Government debates moving skills development from the Labour Dept 10

ANC Secretary General Gwede Mantashe has confirmed that the ruling party is discussing moving the Skills directorate from the Labour Department to the newly formed department of Higher Education and Training.

Speculation about moving the skills development initiatives that are run by the Department of Labour to the Education Department has been simmering for many years.

The establishment of a new government under President Jacob Zuma has ushered in a new era with an enlarged Cabinet and a number of additional departments. These include the new portfolio of Higher Education and Training which is headed up by newly appointed Minister Dr Blade Nzimande.

The responsibility for school education has fallen to the new department of Basic Education.

While the headline announcements about Cabinet appointments was made on Sunday 10th May by President Zuma, finer details about the government changes have not been made available.

Will FET Colleges fall under Higher or Basic education? Will Setas and other skills development structures currently in the Department of Labour move to the new Higher Education and Training department.

With the naming of the Ministers the new government has not used the conventions that are currently in place in South African education; General, Further and Higher education.

It would seem likely that all General education would be housed in the new Basic Education department, and include further education that happens at schools. It would seem that FET Colleges would fit best within the new Higher Education ministry.

And if the new Higher Education ministry is going to include training wouldn’t it make sense to have the skills development department that is currently housed in the Department of Labour moved as well? Surely we couldn’t have two ministries responsible for training? That would make things even more uncoordinated than they have been to date!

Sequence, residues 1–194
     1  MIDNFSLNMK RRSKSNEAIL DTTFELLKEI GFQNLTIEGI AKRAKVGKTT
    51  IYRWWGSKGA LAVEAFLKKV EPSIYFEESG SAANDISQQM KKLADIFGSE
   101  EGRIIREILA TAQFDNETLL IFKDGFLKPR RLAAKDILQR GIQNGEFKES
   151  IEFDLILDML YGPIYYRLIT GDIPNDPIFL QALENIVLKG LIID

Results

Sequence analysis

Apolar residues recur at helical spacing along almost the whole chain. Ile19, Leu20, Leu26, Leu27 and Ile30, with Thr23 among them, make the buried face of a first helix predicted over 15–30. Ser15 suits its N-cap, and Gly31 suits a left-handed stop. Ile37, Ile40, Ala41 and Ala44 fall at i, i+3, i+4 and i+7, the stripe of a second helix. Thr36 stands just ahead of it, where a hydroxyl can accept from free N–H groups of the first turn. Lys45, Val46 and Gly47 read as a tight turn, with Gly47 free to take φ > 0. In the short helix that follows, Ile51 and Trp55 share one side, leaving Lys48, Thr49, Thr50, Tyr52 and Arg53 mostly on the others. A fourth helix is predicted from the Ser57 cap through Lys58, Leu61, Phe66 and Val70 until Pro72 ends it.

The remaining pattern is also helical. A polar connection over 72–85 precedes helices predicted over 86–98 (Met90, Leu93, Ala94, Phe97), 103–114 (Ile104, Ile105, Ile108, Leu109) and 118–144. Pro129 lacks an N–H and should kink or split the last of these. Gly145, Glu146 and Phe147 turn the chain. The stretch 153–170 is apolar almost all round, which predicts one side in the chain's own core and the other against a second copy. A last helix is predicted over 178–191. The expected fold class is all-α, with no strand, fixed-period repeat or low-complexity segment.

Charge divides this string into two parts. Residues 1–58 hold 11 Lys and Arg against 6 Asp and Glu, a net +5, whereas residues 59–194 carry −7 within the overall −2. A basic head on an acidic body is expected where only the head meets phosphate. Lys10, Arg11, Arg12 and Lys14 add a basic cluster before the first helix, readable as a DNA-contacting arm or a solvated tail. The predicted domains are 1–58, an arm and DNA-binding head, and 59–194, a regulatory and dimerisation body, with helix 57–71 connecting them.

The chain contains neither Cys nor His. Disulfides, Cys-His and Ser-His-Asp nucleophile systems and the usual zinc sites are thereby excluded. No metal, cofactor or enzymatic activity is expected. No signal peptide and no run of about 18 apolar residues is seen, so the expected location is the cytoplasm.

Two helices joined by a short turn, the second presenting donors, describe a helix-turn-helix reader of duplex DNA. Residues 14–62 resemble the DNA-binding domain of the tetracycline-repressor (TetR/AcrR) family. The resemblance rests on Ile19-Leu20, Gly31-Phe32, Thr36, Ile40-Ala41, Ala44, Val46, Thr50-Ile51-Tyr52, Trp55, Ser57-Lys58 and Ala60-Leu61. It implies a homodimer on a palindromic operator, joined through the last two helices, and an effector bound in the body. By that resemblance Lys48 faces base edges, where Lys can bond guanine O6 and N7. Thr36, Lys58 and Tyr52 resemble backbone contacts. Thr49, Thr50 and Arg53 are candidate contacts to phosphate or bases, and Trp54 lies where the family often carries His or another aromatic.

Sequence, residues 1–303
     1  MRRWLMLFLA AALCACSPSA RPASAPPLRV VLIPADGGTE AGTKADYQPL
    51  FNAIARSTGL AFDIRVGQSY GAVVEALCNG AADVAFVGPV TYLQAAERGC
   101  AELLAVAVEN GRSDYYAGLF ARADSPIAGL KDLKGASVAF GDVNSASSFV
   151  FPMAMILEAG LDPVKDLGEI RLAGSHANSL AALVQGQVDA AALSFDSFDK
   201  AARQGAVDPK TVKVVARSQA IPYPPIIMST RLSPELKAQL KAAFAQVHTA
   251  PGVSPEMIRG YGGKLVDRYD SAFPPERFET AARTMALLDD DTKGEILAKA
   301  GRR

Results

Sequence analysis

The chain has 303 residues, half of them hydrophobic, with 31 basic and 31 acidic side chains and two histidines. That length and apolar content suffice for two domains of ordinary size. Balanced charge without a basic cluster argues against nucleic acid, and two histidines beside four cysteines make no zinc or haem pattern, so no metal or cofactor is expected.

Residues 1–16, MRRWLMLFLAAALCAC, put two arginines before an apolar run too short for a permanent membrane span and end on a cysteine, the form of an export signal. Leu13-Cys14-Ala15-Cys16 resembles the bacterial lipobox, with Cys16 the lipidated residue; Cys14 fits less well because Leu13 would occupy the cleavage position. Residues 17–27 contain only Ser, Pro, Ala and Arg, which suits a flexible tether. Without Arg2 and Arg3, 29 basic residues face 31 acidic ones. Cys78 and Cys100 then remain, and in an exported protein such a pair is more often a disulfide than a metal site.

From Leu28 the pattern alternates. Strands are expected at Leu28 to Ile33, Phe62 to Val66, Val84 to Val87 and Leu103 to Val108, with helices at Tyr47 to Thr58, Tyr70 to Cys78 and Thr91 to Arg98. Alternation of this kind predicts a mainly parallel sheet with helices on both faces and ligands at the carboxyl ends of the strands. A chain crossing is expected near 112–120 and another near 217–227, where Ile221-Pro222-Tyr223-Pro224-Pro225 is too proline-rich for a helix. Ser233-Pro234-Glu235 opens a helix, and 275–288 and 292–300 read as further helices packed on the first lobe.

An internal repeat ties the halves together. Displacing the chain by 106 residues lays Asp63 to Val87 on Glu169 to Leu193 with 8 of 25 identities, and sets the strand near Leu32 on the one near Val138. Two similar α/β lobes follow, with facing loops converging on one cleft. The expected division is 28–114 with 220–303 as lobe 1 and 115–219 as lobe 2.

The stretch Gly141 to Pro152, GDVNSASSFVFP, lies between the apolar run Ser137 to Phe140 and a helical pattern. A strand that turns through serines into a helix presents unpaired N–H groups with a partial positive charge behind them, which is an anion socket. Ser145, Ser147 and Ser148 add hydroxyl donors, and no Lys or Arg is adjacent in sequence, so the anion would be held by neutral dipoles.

I would have thought that all these finer details would have been sorted out before the announcements were made. President Zuma held his first meeting with his Cabinet on Tuesday morning, presumably to inform them all of this plans.

But on the same day ANC Secretary General Gwede Mantashe addressed union members in Gauteng, calling on them to, “engage in a serious debate on whether or not the skills directorate in the department of labour should be moved to the department of higher and further education”.

How long will it take to ‘engage in a serious debate’? Can the country wait while these discussions are being held?

The skills world is waiting with baited breath for the announcement of the Board of the QCTO, Quality Council for Trades and Occupations. Can these be announced by the Labour Minister while this serious debate is going ahead?

Gwede Mantashe will have a good grasp of the issues from his time as head of the Jipsa Working Committee. There he was successful in ‘banging heads together’ and getting representatives from the old Departments of Education and Labour working in the same direction. This broke the prolonged impasse about the National Qualifications Framework and lead to the joint Ministerial Statement. This in turn led to the Skills Development Amendment Act and the National Qualifications Act.

Of course that opens up another can of worms. During hearings for these Acts last year (when they were still Bills) it was noted that the legislation named the Minister of Labour and the Minister of Education as being responsible for various functions. It was suggested then that this be changed to read, ‘the Minister responsible for…”.

This advice wasn’t taken and the National Qualifications Framework Act 2008 is full of references to the Minister of Education, a post which doesn’t exist anymore. The Skills Development Act of 1998 places the responsibility for skills development with the Department and Minster of Labour.

It looks like some amendments to these Acts will be necessary quite soon.

Considering the key role that Blade Nzimande has played as a Zuma supporter, and his skills as a politician and activist, it seems likely that the result of the ‘serious debate’ that Mantashe is calling for has already been decided.